In September, DECC published the results of their 2nd wave of research on the Green Deal, covering customers who’d had assessments between 1st April and end of June 2013.
Up to that date, around 44,000 households in Great Britain had received a Green Deal advice report (GDAR) since Green Deal launched on 28 January. According to the research, all these customers resided in England or Wales.
You can check DECC’s Green Deal and ECO statistics webpage here for the current figures. DECC commissioned two surveys, each taking a sample of 900 addresses who’d received a GDAR. The headline results of the first survey, covering people who’d had assessments from the scheme launch to the end of March 2013, was previously published in June here and the results published in September relate to the 2nd wave.
Although the research findings tell us a lot about the developing Green Deal, one thing that immediately stands out is the huge response rate to this survey. Where it’s generally accepted that a 10% response rate is a high level of response, responses to this survey ran at over 50%! This was true for both waves, with the first wave reaching 56% and the 2nd only slightly less, at 55%.
This level of response is normally only seen where the survey subjects have a high level of interest or involvement in the area being surveyed. Although people were offered a £10 incentive for taking part, this wouldn’t normally be expected to improve response rates by this much – people are busy, and £10 isn’t a huge incentive. In total, over a thousand responses were received, out of a total of 44,000 GDAR recipients. That’s one in 44, more than 2% of all Green Deal customers. It’s likely, then, that the interest amongst those who took part in the survey can be read across to all 44,000 customers. 55% of Green Deal customers are sufficiently interested in improving the energy efficiency of their homes for them to bother completing a survey, if asked.
So, if over 55% of customers are interested in improving their home’s energy efficiency, why is the take-up of Green Deal plans still so low? I’ve considered some issues that affect take up in a previous blog here and now we have more information from this survey to allow us to speculate further. Here goes!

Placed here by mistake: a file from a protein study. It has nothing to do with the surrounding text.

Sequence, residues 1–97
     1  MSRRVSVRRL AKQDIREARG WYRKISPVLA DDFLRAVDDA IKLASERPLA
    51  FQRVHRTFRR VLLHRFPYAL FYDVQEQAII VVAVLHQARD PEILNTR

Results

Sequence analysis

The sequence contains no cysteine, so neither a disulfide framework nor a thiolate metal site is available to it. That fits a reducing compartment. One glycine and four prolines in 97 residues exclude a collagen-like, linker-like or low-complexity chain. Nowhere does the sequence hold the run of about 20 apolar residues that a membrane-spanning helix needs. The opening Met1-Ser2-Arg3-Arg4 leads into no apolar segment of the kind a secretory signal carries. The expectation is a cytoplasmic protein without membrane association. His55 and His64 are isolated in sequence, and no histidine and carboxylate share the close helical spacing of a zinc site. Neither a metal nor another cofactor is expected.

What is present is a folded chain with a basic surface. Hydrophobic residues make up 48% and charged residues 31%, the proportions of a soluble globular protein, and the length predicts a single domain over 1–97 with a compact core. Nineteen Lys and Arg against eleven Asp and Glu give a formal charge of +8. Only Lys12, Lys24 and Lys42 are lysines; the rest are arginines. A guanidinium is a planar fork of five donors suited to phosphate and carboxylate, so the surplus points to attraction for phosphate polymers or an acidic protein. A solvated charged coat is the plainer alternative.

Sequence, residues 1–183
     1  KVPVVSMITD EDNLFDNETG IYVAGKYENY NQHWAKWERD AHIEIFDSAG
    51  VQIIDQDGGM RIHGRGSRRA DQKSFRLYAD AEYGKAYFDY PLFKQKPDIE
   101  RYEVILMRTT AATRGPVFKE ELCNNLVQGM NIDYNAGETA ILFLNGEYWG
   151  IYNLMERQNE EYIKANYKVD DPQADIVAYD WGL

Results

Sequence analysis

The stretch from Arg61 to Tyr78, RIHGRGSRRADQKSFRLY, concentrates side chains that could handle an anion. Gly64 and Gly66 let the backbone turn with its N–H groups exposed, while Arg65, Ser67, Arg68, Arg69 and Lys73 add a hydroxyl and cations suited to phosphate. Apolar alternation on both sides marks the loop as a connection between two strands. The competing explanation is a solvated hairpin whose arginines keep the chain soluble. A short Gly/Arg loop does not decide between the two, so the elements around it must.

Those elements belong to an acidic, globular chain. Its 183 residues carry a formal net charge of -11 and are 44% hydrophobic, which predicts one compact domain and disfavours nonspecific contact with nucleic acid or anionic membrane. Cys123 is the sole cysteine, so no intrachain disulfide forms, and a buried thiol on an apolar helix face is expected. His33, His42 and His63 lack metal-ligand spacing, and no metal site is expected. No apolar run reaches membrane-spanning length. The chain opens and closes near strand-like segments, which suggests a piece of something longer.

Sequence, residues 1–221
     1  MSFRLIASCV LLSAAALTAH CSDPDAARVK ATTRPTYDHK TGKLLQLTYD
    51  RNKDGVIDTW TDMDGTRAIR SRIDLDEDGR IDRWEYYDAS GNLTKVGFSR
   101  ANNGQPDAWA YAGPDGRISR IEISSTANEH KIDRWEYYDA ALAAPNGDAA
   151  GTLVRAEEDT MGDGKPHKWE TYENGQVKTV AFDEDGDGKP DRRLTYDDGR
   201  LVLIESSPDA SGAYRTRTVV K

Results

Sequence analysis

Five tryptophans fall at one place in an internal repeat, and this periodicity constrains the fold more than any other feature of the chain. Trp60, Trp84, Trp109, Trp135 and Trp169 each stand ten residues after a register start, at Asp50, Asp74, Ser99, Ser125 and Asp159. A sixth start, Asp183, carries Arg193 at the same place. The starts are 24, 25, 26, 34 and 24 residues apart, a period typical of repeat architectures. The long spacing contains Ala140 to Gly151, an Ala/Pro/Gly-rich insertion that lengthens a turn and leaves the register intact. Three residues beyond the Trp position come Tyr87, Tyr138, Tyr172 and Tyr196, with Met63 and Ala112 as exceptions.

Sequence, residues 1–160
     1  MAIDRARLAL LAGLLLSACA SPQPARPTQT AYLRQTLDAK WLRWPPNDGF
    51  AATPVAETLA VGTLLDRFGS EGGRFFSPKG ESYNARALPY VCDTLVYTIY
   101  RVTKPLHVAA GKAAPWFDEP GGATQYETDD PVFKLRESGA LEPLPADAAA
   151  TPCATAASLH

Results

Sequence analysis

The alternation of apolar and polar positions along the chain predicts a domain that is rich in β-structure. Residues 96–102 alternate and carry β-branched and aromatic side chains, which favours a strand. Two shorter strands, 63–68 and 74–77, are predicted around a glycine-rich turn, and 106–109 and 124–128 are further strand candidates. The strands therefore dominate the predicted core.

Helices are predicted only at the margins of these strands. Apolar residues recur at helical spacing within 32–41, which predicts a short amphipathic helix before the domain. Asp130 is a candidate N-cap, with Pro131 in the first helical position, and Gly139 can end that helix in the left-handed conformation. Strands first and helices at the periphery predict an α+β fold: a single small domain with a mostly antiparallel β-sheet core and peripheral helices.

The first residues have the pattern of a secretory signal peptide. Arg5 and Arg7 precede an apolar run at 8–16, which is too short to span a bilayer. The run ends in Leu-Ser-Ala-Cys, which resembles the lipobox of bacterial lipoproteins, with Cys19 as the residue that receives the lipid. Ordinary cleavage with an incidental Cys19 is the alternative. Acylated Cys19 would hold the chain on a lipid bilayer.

One thing that would impact take-up of Green Deal Plans would be the customer’s original attitude to using Green Deal finance. Only 16% of respondents said that the reason they had the assessment was ‘To allow you to pay through GD finance/cashback’. The research also found that Green Deal finance was mentioned by a significantly lower proportion at Wave 2 than in the first wave, where 23% mentioned this as a reason for having the assessment. There was a fair amount of negative press about Green Deal finance during the early part of this year (in fact, this still continues), and it may be that this reduced the likelihood that customers would consider it. Whatever the reason, it’s clear that if only 16% wanted to use Green Deal finance, it’s no surprise that the remaining 84% would not want to approach a Green Deal Provider to ask for measures to be installed via ‘pay as you save’ finance.
Satisfaction with the assessment
Another interesting find is that the perceived usefulness of the assessment, customer confidence in the recommendations made, and the likelihood that customers would recommend an assessment to others, all increased in wave 2 compared to Wave 1. The respective figures are 78% found it useful, 82% had confidence in the recommendations and 72% would recommend it to others.
These high figures appear to fly in the face of those negative reports on Green Deal that appear regularly in the press. Whilst some of this difference could be explained away as the tendency of the press to search out bad news, is there more to it than that? Link this finding to the proportion of free assessments received – around 80%, including a large subset of assessments paid for by a related party such as a landlord – and perhaps we are seeing a small element of not wishing to appear ungrateful for a free service. All the same, figures well over 70% suggest that the Green Deal assessment service has been a resounding success.
Receiving the Advice Report
I’m concerned that only 54% of Wave 2 respondents had received their GDAR (Green Deal Advice Report) at the time of their interview, which was at least 4 weeks after their assessment visit. This is a long delay, and iIt mirrors the findings in the Which survey (see my earlier blog for more on this).
Which? also found that it could be a hard task to get a copy of the finished Green Deal Advice Report. This is in spite of the Green Deal Code of Practice requirement that the Assessor Organisation must lodge the GDAR within two weeks of the assessment and to ‘Ensure that the customer has received the final Green Deal Advice Report according to any requirements in the Framework Regulations or Green Deal Code of Practice’. If 46% of customers don’t receive their report for a long time, they will be seriously delayed in taking the next step (asking Green Deal Providers to quote). Coupled with the low proportion of customers who want to take out Green Deal finance, which we saw earlier was 16%, this delay could mean that only about 9% of customers will be looking for quotes from Providers 4 weeks after the assessment visit.